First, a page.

Enjoyed this – a good challenge. Still a bit hazy about how keyhole surgery works, but I’m happy to just go with the flow.
    Thanks, w.

  14. 7:53 but with a typo. Not for the first time I wonder why I bother checking my answers (which I always do) if I’m going to miss something like KEYHOLD SURGERY.
    Speaking of which I had two such operations on the same knee last year and I don’t remember any Yale locks being involved.

  15. 10A was FOI and 1A LOI. 15:32 in total, so not too difficult. The North West was the hardest bit of the grid.

  16. The so = well in 21ac is something which seems to be very common now. A clear example of it is found in contestants on Pointless who begin their little self-introduction with ‘So…’.
    I find it irritating as a general sentence starter replacing ‘well’. I’m getting old!

    1. Maybe it is a bit silly, but in the past people said things like ‘you know’ or even ‘don’t you know’ or ‘sort of’. The list could go on. They are equally silly so far as I can see.

  17. DNF after a pretty good start, esp for a Friday. NW foxed me for a while and, even with all the crossers finally in place, I still didn’t latch on to MARMALADE, not picking up on the definition. But a very enjoyable puzzle, GANJA and KEYHOLE SURGERY were fun. Thanks William and setter.

  18. So (!), a relatively quick 15.58 for a crossword that felt much harder, with some tricksy and intelligent clues to unravel. I did eventually disentangle GANJA right at the end, determined to have a full set of parsings but there were a lot of words in the clue for a 5 letter answer.
    I actually smiled at KEYHOLE SURGERY, satisfied for once with the rough association in a CD.

  19. 22:48
    Good puzzle. I thought it was going to take a lot longer at first, but eventually they all slotted in quite nicely. I biffed NORMA and, despite having read the blog, I spent a few minutes Googling Noah Arkwright before the penny dropped. Stupid boy .

    Thanks to Wlliam and the setter.

  20. 25:49
    Like others I generally raced through this before getting stuck in the NW. Once TOLL came to mind I saw AYATOLLAH and the rest fell into their respective places.

    A relatively easy Friday to end what has been quite a straightforward week but I thought this one had a nice spread of General Knowledge.

    Thanks to both.

  21. SNITCH also suggests I made heavy weather of this. Got it into my head I was looking for a bird at NUREMBERG, a delusion it took a long while to shake off. BY GEORGE unparsed, too, since NHO the autopilot. But otherwise a fun puzzle I thought.

  22. Deffo difficult. DNF as I resorted to aids, being in a bit of a rush to go out. Liked RANKS, NORMA, BY GEORGE.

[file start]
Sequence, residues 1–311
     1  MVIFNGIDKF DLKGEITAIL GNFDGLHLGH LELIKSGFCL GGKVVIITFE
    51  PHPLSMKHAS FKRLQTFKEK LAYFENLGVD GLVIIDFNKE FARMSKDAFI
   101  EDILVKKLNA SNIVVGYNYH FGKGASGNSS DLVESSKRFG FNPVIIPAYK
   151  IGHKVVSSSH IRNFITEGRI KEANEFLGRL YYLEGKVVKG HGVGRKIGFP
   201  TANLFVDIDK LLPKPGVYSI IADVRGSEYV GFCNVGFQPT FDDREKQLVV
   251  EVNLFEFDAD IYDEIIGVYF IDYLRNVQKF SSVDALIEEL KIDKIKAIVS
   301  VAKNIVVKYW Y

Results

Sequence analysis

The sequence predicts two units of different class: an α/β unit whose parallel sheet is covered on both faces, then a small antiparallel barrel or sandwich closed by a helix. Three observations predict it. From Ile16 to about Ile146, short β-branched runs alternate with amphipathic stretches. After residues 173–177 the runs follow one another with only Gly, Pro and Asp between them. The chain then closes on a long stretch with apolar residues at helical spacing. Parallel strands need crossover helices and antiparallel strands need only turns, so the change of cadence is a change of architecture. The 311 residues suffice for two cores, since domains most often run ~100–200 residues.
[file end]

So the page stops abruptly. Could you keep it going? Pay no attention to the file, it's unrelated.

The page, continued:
14 dn was easy enough, but isn’t a ‘hue and cry’ a bit more than just a commotion? I’ve always thought it meant pursuit of a malefactor. Chambers seems to bear me out.

    1. Wiktionary has 2 defs:
      hue and cry (usually uncountable, plural hue and cries or hues and cries)
      1) (historical) The public pursuit of a criminal, accompanied by shouts to warn others to give chase.
      2) (by extension) A loud and persistent public clamour, especially one associated with protest or the making of some demand.

      1. In Cornwall the huer was a lookout on a cliff who alerted the fishermen to a shoal of fish by his cry, thus hue and cry.

  23. 27 mins, but hummed and hahed about BY DEGREE at the end. Just recovering from SURGERY two days ago, so a little bit too close to the bone for me.

  24. At one or two points, when, like others, I was finding the NW hard going, I was tempted to use aids, but soldiered on and eventually, in 48 minutes, managed to both solve and parse it all. For some silly reason I wanted 1ac to be margarine, and was unnecessarily slow to see MARMALADE. Along the way I was wondering if there was a form of pot called bugja, and also if there was a blessing called a benokin. Suspected the ideological leader was something to do with Mao.

  25. 31:18 – I also thought I made heavy weather of this, but in retrospect it was quite tough. MARMALADE, GANGA and the associated downs proved the most intractable. Quite a few went in unparsed, the answers being obvious once the penny dropped.

  26. Well our setter totally flummoxed me today – looking for birds instead of cities, calamities instead of spreads, plays instead of hospital theatres, countries rather than benefits etc.
    Eventually defeated by the benison/ spied cross. My African country knowledge is terrible and I could not get away from boon containing something meaning well for a mysterious b-n-oon country which of course ruled getting spied out completely. COD Norma.

    Thx William and setter